<bold>Objective</bold>: In two studies, this dissertation aimed to evaluate the robustness of the association between ADHD and depression, and to elucidate its etiology. Study I examined the predictive association between childhood ADHD and adolescent depression, and also between childhood ADHD and adolescent suicidality. The study investigated methodological explanations for the co-occurrence between ADHD and depression and tested whether the association between childhood ADHD and adolescent depression is attributable to rater bias effects, or is a consequence of shared comorbidity with conduct disorder. Study I also examined psychosocial factors and evaluated whether conflict with parents, academic underperformance, and victimization by peers mediate the association between childhood ADHD and adolescent depression. Study II examined the etiology of the relationship between ADHD and depression by estimating the magnitude of the genetic and environmental contributions to the co-occurrence between the two disorders. <bold>Method</bold>: Both studies were conducted in a population-based twin sample enriched with children with disruptive disorders and consisting of 998 twins. The participants were followed up in three multi-source structured diagnostic assessments, spanning 11 to 17 years of age. Study I hypotheses were tested using generalized linear models within a complex samples framework to account for the study's recruitment strategy and allow generalization of the results to the population. Study II utilized biometric modeling and incorporated sampling weights to take into consideration the oversampling of disruptive disorders. <bold>Results</bold>: The studies yielded four primary findings. First, symptoms of ADHD at age 11 years predicted depression that developed between the ages 11 and 17 years, and the prospective relationship between childhood ADHD and adolescent depression was not attributable to rater bias effects or conduct problems. A non-significant trend was suggestive of greater risk of depression associated with ADHD in females than males. Second, the co-occurrence between ADHD and depression was governed by shared genetic factors operating either directly or indirectly via gene-environment correlations or interactions. Third, symptoms of ADHD at age 11 years predicted suicide attempts and suicidal ideation experienced through age 17, but the association with suicide attempts could be accounted for by the degree of conduct disorder symptomatology. Fourth, exposure to conflict with parents, and for girls only, bullying by peers, partly accounted for the association between childhood ADHD and adolescent depression. <bold>Conclusions</bold>: The present findings provided novel and important insights into the risk of psychopathology associated with ADHD. The results indicated that childhood ADHD was a robust predictor of adolescent depression. The etiology of the relationship was primarily genetic, although the mediation of risk is at least in part environmental. The findings highlight the need for depression screening in youth with ADHD and expansion of preventative intervention.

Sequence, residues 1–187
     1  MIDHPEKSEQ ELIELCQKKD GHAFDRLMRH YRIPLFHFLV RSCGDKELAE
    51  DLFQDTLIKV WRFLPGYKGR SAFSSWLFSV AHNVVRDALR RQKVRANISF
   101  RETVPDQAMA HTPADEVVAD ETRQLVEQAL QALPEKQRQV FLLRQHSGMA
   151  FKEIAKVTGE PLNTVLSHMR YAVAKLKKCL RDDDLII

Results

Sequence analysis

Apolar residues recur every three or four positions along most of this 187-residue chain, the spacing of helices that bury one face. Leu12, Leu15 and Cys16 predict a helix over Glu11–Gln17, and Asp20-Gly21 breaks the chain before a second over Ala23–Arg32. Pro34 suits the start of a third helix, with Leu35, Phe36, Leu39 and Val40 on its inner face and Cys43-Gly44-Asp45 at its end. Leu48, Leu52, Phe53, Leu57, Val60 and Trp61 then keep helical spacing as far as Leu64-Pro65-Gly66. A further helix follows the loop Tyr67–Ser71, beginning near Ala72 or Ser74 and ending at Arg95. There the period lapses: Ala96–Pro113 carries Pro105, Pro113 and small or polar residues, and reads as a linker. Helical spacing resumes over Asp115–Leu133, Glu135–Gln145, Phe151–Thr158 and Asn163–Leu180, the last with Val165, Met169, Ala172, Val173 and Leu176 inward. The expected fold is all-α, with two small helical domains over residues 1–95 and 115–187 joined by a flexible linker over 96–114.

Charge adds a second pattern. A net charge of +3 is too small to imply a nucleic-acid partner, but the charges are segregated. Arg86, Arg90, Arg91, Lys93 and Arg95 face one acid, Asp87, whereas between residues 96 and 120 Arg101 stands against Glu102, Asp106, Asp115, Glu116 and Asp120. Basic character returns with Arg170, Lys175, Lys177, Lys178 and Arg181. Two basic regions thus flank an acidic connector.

University of Minnesota Ph.D. dissertation. January 2014. Major: Psychology. Advisor: William G. Iacono. 1 computer file (PDF); vii, 100 pages.
Risk of adolescent depression in youth with ADHD: a longitudinal twin investigation.
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